Version 1 (modified by sam, 8 years ago) (diff)

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Remez tutorial 4/5: fixing lower-order parameters

In the previous section, we took advantage of the symmetry of sin(x) to build the following minimax expression:

\[\max_{y \in [0, \pi^2/4]}{\dfrac{\bigg\lvert\dfrac{\sin(\sqrt{y})}{\sqrt{y}} - Q(y)\bigg\rvert}{\dfrac{1}{|\sqrt{y}|}}} = E\]

Leading to the following coefficient, amongst others:

const double a1 = 9.999999766327004083636926544075452569800e-1;

This is an interesting value, because it is very close to 1. Many CPUs can load the value 1 very quickly, which can be a potential runtime gain.

The brutal way

Now we may wonder: what would be the cost of using 1 here? Let’s see the error value:

Duh. Pretty bad, actually.

The clever way

The clever way involves some more maths. Instead of looking for polynomial Q(y) and setting Q(0) = 1 manually, we search instead for R(y) where Q(y) = 1 + yR(y):

\[\max_{y \in [0, \pi^2/4]}{\dfrac{\bigg\lvert\dfrac{\sin(\sqrt{y})}{\sqrt{y}} - 1 - yR(y)\bigg\rvert}{\dfrac{1}{|\sqrt{y}|}}} = E\]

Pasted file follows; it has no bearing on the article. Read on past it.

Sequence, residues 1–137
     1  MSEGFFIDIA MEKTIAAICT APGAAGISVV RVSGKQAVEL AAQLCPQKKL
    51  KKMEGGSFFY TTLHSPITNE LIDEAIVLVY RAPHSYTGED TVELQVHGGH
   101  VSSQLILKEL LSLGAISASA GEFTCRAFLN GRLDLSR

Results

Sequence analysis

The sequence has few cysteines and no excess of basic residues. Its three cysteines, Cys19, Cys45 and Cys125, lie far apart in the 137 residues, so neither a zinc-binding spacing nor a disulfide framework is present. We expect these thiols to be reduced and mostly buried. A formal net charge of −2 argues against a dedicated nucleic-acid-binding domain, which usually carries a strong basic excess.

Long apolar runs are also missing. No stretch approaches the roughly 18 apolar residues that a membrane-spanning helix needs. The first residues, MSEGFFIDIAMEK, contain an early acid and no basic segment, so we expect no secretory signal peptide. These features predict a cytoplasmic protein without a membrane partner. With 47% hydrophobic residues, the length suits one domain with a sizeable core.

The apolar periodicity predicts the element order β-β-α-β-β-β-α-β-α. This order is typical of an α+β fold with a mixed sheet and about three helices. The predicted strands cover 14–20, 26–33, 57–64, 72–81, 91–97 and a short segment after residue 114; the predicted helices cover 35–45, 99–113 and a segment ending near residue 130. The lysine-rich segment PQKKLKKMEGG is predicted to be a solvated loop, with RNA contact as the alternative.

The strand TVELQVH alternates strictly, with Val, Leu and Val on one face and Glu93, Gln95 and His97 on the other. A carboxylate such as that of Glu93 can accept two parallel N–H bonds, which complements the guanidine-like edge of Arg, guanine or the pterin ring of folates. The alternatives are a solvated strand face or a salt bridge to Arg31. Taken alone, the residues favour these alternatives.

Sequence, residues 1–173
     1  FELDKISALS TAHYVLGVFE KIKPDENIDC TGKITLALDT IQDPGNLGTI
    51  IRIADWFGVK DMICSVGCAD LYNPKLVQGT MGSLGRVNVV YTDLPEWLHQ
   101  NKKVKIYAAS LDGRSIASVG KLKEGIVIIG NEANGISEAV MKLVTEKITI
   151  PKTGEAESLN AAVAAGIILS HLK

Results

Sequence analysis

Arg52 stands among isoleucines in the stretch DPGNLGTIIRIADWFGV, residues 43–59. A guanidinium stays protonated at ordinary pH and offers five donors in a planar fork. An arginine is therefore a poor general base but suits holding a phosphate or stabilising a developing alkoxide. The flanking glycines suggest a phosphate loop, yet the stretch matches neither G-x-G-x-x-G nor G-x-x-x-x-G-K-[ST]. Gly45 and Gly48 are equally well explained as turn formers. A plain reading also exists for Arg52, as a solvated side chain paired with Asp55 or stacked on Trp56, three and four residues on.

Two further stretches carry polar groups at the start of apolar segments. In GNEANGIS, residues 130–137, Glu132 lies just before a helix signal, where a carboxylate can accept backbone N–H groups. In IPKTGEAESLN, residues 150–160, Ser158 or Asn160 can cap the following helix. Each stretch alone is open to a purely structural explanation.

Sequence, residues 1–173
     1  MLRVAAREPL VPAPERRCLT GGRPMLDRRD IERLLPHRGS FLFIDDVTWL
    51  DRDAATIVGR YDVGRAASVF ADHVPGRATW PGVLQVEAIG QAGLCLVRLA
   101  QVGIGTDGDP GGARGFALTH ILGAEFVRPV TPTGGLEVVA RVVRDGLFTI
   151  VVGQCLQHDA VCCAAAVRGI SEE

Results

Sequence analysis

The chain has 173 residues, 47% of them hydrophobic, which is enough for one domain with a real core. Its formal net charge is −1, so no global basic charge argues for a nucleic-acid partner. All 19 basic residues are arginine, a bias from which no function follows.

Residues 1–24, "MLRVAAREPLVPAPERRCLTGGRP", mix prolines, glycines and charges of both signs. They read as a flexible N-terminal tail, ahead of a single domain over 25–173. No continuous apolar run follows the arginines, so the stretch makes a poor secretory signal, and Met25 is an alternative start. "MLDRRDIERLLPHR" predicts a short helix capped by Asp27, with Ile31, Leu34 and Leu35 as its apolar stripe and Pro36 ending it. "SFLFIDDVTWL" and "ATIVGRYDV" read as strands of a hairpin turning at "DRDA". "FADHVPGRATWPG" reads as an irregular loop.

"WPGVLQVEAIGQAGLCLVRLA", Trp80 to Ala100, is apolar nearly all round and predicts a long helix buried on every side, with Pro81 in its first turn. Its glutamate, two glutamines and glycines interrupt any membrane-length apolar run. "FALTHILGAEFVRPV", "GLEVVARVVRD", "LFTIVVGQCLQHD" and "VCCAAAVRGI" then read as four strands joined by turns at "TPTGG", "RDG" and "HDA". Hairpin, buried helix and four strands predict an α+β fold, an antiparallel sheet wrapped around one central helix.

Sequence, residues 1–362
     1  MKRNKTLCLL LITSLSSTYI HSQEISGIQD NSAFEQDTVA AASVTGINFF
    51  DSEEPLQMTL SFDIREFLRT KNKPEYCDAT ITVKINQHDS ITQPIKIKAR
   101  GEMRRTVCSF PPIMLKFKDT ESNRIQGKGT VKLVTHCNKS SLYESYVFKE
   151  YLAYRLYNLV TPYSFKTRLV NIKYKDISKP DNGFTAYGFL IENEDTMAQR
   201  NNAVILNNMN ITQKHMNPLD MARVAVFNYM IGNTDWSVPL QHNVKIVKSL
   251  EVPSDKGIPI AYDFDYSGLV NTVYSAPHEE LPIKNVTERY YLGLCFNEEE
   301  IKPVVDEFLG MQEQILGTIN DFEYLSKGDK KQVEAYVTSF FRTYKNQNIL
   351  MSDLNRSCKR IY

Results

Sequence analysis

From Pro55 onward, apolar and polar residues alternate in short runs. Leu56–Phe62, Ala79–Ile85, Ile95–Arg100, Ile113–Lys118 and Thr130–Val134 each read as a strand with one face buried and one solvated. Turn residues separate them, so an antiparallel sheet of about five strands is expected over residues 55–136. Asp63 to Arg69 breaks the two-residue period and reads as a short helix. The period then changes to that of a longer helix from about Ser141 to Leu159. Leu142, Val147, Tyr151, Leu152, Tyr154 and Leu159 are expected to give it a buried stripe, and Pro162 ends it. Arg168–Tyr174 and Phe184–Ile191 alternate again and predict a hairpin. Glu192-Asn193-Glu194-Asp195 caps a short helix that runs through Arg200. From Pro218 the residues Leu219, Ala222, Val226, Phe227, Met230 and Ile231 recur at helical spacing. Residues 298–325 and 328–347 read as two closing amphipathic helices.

Dividing by y up and down gives:

\[\max_{y \in [0, \pi^2/4]}{\dfrac{\bigg\lvert\dfrac{\sin(\sqrt{y})-\sqrt{y}}{y\sqrt{y}} - R(y)\bigg\rvert}{\dfrac{1}{|y\sqrt{y}|}}} = E\]

Once again, we get a form suitable for the Remez algorithm.

Source code

#include "lol/math/real.h"
#include "lol/math/remez.h"

using lol::real;
using lol::RemezSolver;

real f(real const &y)
{
    real sqrty = sqrt(y);
    return (sin(sqrty) - sqrty) / (y * sqrty);
}

real g(real const &y)
{
    return re(y * sqrt(y));
}

int main(int argc, char **argv)
{
    RemezSolver<3, real> solver;
    solver.Run("1e-1000", real::R_PI_2 * real::R_PI_2, f, g, 30);
    return 0;
}

Only f and g changed here, as well as the polynomial degree. The rest is the same as in the previous section.

Build and run the above code:

make
./remez

After all the iterations the output should be as follows:

Final error: 4.613764035583927492630791542066631050746e-9
Polynomial estimate:
x**0*-1.666665708792613295297026208726412532085e-1
+x**1*8.333017134192478312472752663154642556843e-3
+x**2*-1.980660618990173078599247774582918018345e-4
+x**3*2.600038299369332084157603784882057661080e-6

We can therefore write the corresponding C++ function:

double fastsin(double x)
{
    const double a3 = -1.666665708792613295297026208726412532085e-1
    const double a5 = 8.333017134192478312472752663154642556843e-3
    const double a7 = -1.980660618990173078599247774582918018345e-4
    const double a9 = 2.600038299369332084157603784882057661080e-6

    return x + x*x*x * (a3 + x*x * (a5 + x*x * (a7 + x*x * a9))));
}

Note that because of our change of variables, the polynomial coefficients are now a3, a5, a7

Analysing the results

Let’s see the new error curve:

Excellent! The loss of precision is clearly not as bad as before.

Conclusion

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